Home arrow PHP arrow Page 4 - Building Object-Oriented Web Pages with Inheritance in PHP 5

Building another web page for a fictional web site - PHP

You have probably used the principles of inheritance in any number of your object-oriented programming projects. Traditionally this means working with parent and child classes during the creation of a PHP application. In this two-part series, you'll learn a simple way to use inheritance while creating object-oriented web pages.

TABLE OF CONTENTS:
  1. Building Object-Oriented Web Pages with Inheritance in PHP 5
  2. Establishing a basic class hierarchy
  3. Using inheritance to derive a web page generator class
  4. Building another web page for a fictional web site
By: Alejandro Gervasio
Rating: starstarstarstarstar / 12
July 16, 2007

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As I stated in the previous section, building a different web page for this sample web site is only a matter of deriving another child class from the "HomeWebPage" (not from the base class), since it has already implemented the business logic required to display a complete web document.

So, bearing in mind this concept, below I included the definition of a brand new subclass, which displays the "About Us" section of this fictional web site.

Having said that, here's the signature of this child class:

class AboutUsWebPage extends HomeWebPage{
   private $mainLinks=array('Home'=>'index.php','About
us'=>'about.php','Products'=>'products.php','Contact'=>
'contact.php');
   private $subLinks=array('Our company profile'=>'company.php','What customers are saying'=>'customers.php');
   // implement 'buildLinks()' method
   public function buildLinks(){
     $output='<div id="navbar">'."n".'<h2>This is the navigation
bar of the web page</h2>'."n".'<ul>'."n";
     foreach($this->mainLinks as $label=>$link){
       $output.='<li><a href="'.$link.'">'.$label.'</a></li>'."n";
     }
     $output.='</ul><ul>';
     foreach($this->subLinks as $label=>$link){
       $output.='<li><a href="'.$link.'">'.$label.'</a></li>'."n";
     }
     $output.='</ul>'."n".'</div>';
     return $output;
   }
}

As you can see, the above "AboutUsWebPage" class only overrides the initial "buildLinks()" method implemented by its corresponding parent, with the purpose of displaying a few additional secondary links on the browser. However, as you might have guessed, the main advantage of this approach rests with using inheritance to create quickly the different sections of this sample web site. Quite simple, right?

Logically, if you're anything like me, you might want to see the signature of the source files that display the respective "Home" and "About Us" sections of this sample web site. Below I listed the definitions of these files, in this way demonstrating how a few inherited classes can be used to build a complete object-oriented web site.

Given that, here are the source files in question:

(definition for index.php file)

<?php

try{
   // include parent classes
  
require_once 'abstract_webpage.php';
  
require_once 'homewebpage.php';

   // instantiate 'HomeWebPage' class
   $homePage=new HomeWebPage();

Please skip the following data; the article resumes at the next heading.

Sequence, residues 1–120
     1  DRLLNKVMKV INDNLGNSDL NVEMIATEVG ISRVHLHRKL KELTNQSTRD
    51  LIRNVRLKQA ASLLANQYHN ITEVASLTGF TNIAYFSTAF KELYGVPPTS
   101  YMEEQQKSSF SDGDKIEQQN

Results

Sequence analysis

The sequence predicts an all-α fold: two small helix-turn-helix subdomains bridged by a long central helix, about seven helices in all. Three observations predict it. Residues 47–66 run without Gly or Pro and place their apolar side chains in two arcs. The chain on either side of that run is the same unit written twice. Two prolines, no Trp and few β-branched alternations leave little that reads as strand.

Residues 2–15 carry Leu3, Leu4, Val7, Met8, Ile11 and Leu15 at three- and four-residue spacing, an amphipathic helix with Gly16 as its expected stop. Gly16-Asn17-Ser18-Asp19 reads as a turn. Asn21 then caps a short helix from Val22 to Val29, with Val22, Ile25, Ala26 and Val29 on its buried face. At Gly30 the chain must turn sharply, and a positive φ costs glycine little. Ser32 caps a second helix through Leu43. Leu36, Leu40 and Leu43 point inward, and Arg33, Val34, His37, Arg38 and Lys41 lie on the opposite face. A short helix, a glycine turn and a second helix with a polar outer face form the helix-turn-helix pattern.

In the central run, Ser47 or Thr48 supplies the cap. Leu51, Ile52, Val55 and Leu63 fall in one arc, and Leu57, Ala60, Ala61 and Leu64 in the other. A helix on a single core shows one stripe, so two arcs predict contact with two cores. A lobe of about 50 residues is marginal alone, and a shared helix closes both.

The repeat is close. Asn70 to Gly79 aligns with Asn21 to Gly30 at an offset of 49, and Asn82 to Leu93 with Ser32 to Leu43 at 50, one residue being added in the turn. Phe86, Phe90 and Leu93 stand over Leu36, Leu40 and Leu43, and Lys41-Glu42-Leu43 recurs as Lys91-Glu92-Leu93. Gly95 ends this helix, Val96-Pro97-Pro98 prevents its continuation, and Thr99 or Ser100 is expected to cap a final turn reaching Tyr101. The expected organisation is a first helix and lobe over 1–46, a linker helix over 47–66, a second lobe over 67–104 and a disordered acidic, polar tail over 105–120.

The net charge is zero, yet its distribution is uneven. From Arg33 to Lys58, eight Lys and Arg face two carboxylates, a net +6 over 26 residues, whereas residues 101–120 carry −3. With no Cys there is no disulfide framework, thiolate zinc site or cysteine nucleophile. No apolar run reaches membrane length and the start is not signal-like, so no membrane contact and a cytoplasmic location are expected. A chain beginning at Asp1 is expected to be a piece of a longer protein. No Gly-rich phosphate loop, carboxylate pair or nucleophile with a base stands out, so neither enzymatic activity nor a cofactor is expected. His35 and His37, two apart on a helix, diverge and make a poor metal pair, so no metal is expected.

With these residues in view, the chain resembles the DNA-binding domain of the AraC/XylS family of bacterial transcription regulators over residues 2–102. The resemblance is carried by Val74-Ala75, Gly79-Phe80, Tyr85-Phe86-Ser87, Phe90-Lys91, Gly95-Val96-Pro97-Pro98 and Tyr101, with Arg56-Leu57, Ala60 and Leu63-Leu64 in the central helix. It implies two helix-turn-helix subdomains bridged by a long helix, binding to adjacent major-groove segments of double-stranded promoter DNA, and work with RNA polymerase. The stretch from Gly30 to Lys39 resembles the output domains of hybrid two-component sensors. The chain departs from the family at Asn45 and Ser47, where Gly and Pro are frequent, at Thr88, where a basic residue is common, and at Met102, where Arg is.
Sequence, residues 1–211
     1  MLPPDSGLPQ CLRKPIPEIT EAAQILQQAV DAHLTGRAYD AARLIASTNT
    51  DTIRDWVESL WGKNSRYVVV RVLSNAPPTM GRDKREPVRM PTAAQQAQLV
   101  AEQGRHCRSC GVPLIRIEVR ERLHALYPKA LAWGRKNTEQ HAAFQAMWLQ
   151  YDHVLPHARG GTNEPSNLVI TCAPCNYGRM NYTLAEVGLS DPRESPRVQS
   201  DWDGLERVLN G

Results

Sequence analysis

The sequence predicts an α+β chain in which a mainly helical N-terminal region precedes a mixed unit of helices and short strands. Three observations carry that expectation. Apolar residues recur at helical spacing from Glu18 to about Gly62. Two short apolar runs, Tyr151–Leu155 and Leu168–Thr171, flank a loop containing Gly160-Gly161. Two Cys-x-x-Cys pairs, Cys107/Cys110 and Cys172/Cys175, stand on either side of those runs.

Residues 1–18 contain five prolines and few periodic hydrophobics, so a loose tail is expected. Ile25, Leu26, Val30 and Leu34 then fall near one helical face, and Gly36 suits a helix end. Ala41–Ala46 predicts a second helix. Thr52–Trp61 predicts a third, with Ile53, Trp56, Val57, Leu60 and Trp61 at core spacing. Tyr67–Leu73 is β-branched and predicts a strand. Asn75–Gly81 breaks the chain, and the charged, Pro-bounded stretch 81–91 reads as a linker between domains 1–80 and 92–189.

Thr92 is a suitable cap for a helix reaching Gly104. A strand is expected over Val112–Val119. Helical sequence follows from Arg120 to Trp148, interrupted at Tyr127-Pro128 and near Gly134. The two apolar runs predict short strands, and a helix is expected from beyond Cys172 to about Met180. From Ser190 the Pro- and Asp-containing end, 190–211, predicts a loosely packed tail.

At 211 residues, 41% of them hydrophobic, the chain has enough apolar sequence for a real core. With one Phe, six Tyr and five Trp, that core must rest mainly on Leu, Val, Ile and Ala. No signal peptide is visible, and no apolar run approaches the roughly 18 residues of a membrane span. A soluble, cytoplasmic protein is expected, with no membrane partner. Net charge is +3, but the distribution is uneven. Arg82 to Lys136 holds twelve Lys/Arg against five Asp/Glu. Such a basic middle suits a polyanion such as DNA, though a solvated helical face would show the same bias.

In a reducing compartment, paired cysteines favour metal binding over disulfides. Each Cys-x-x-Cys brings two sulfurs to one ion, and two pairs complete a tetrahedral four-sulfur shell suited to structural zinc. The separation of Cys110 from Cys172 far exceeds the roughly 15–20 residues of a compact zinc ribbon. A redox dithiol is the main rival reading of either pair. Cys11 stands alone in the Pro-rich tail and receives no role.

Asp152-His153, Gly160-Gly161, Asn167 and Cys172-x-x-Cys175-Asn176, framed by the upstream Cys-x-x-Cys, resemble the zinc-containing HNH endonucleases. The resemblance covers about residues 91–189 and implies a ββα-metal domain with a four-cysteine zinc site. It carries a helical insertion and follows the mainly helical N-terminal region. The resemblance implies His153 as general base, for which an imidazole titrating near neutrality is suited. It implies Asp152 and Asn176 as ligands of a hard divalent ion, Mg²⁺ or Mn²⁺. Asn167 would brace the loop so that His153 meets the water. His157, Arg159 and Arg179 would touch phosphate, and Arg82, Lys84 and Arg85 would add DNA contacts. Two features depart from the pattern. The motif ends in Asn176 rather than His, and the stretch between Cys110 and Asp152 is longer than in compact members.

// display web page
   echo $homePage->buildMetaData();
   echo $homePage->buildStyles();
   echo $homePage->buildHeader();
   echo $homePage->buildLinks();
   echo $homePage->buildBody();
   echo $homePage->buildFooter();
}
catch(Exception $e){
   echo $e->getMessage();
   exit();
}

(definition for about.php file)

try{
   // include parent classes 
   
require_once 'abstract_webpage.php';
  
require_once 'homewebpage.php';
  
require_once 'aboutwebpage.php';

   // instantiate 'AboutUsWebPage' class
   $aboutPage=new AboutUsWebPage('About us','This is the default
content for ABOUT US page');
   // display web page
   echo $aboutPage->buildMetaData();
   echo $aboutPage->buildStyles();
   echo $aboutPage->buildHeader();
   echo $aboutPage->buildLinks();
   echo $aboutPage->buildBody();
   echo $aboutPage->buildFooter();
}
catch(Exception $e){
   echo $e->getMessage();
   exit();
}

As you can see, building the different sections of this sample web site is a process reduced to including the required parent classes and instantiating the concrete class that displays a particular web page. Of course, in this case the functionality provided by inheritance is actually what makes creating distinct web documents a no-brainer process.

Finally, I suggest that you try creating your own web page generator classes, so you can understand more easily the way that inheritance can assist you in building dynamic web pages.

Final thoughts

In this first installment of the series, I hopefully illustrated how inheritance can be utilized in a helpful fashion to build the different web pages of a sample web site, whose look and feel is nearly the same across its respective sections.

However, this instructive journey hasn't ended yet. In the last part I'm going to show you how to create some additional web pages to complete the structure of this fictional web site.

Now that I've told you about the topics that will be covered in the final article, I'm sure you won't want to miss it!



 
 
>>> More PHP Articles          >>> More By Alejandro Gervasio
 

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